The opinion of the court was delivered by: Honorable B. Lynn Winmill Chief U. S. District Judge
MEMORANDUM DECISION AND ORDER
The Court has before it Relators' Motion to Exclude Certain Testimony of MVRMC's Expert Witness, Georgeann Edford (Docket No. 182) and Defendant Magic Valley Regional Medical Center's ("Magic Valley") Motion to Exclude Ronald H. Clark's Expert Testimony Pursuant to Federal Rule of Evidence 702 (Docket No. 184). The Court conducted a hearing on the motions on March 8, 2010 and now issues the following decision.
As an initial matter, the Court notes that the issues before the Court at this point are limited to whether Relators' expert, Ronald Clark, will be allowed to testify at trial as a damages expert, and whether Magic Valley's expert, Georgeann Edford, will be allowed to testify at trial regarding whether impermissible group therapy occurred at Magic Valley's Transitional Care Unit ("TCU"). In their briefs and at the hearing, the parties spent considerable time addressing related, but distinct, issues concerning the legal standard on damages and Edford's potential testimony on other areas. However, those issues are not before the Court at this time. They will be addressed if and when necessary as we approach trial in this matter.
Whether and to what extent Clark and Edford may testify at trial is addressed under the well-known standard first enunciated in Daubert and its progeny, but now set forth in Rule 702 of the Federal Rules of Evidence,. Rule 702 establishes several requirements for permitting expert opinion. First, the evidence offered by the expert must assist the trier of fact either to understand the evidence or to determine a fact in issue. Primiano v. Cook, --- F.3d ---, 2010 WL 788906, *3 (9th Cir. 2010); Fed. R. Evid. 702. "The requirement that the opinion testimony assist the trier of fact goes primarily to relevance." Id. (Internal quotations and citation omitted).
Additionally, the witness must be sufficiently qualified to render the opinion. Id. If specialized knowledge will assist the trier of fact to understand the evidence or determine a fact in issue, a witness qualified by knowledge, skill, experience, training or education may offer expert testimony where: (1) the opinion is based upon sufficient facts or data, (2) the opinion is the product of reliable principles and methods; and (3) the witness has applied those principles and methods reliably to the facts of the case. Fed. R. Evid. 702; Daubert v. Merrell Dow Pharms., Inc., 509 U.S. 579, 592-93 (1993); Kumho Tire Co. v. Carmichael, 526 U.S. 137, 147 (1999).
The inquiry is a flexible one. Primiano, 2010 WL 788906, *3 (9th Cir. 2010) Ultimately, a trial court must "assure that the expert testimony both rests on a reliable foundation and is relevant to the task at hand." Id. (Internal quotation and citation omitted).
II. Motion to Exclude Certain Testimony of Georgeann Edford
Relators contend that Edford did not consider sufficient facts or data, and that her opinion is not the product of reliable principles and methods. With respect to insufficient facts or data, Relators primarily contend that Edford disregarded or ignored the physical therapy daily flow sheets. However, a review of Edford's report and testimony reveals that Edford considered the patients' complete medical records. She considered the daily flow sheets and their context in the complete medical record; she just disagreed with the accuracy of some of the information in the daily flow sheets -- specifically, when therapy occurred. (Edford Report, pp. 19-28.) Ultimately, Edford determined that 54.8% of the complete patient records she reviewed contained time conflicts. (Edford Supp. Report, pp. 1-3).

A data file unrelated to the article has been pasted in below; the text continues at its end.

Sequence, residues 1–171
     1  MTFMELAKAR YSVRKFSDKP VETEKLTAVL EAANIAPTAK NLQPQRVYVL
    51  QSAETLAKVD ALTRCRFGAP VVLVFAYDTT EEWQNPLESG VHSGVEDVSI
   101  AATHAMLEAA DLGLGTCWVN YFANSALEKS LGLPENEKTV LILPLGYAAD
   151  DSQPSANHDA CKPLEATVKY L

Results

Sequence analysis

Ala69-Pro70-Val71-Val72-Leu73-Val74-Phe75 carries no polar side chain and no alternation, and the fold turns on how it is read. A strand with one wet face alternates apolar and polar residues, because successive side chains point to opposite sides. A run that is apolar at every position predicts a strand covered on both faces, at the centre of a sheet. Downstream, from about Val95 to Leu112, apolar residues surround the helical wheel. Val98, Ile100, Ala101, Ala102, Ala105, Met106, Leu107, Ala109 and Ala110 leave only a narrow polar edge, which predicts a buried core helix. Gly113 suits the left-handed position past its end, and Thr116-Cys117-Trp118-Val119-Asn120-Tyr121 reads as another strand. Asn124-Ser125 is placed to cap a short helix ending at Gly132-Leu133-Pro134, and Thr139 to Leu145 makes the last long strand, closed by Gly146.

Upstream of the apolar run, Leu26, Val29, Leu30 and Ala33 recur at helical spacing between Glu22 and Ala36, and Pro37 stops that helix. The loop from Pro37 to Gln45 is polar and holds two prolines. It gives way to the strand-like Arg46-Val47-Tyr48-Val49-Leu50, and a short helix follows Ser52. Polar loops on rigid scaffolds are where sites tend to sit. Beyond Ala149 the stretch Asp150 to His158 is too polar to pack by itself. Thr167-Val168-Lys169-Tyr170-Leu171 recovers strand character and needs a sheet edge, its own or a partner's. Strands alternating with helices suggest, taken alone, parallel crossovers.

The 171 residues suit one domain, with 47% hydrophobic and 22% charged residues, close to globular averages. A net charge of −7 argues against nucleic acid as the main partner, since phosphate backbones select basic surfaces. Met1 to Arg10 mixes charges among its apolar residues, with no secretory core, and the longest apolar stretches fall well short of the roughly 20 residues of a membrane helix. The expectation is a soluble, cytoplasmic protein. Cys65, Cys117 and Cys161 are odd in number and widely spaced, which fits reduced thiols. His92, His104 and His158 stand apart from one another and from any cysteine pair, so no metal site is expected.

With respect to methodology, Edford bases her opinion upon a statistically valid audit of the physical therapy services provided in the Magic Valley TCU from October 1, 1998 through September 30, 2000. (Edford Report, pp. 17-35.) She indicates that she applied audit procedures outlined in the Medicare Program Integrity Manual and designed the sample using the Office of the Inspector General's Audit Service Statistical Evaluation Program known as RATSTATs. (Edford Report, pp. 1, 17, 22.) She evaluated patient records based on the policies and procedures of safe practice by the American Physical Therapy Association, the Joint Commission on Accreditation of Health care Organizations, the World Health Organization, and the Centers for Disease Control. (Edford Report, pp. 24-25.) Edford also evaluated the provision of therapy services in the TCU by relying upon the Medicare Fiscal Intermediary Manuals for Skilled Nursing Facilities, the Medicare Reimbursement Manual, Transmittals and Program Memoranda published by the Centers for Medicare and Medicare Services, and other regulatory materials. (Edford Report, p. 25.)
Under these circumstances, Edford relied on sufficient facts or data, and her opinion is the product of reliable principles and methods. She is therefore qualified to testify about the general process for assessing therapy patients and assigning them to Resource Utilization Groups, as well as the framework for Medicare reimbursement of skilled nursing facilities.
Relators do not necessarily take issue with this conclusion. Instead, Relators seek to prevent Edford from testifying about whether impermissible group therapy occurred at Magic Valley's TCU during the pertinent dates. In this regard, the Court agrees with Relators. Although Edford attempts to testify that patient outcomes support her contention that there is no evidence that inappropriate therapy minutes were billed, Edford offers no empirical basis for her conclusion. She does not offer any empirical evidence that, notwithstanding the ...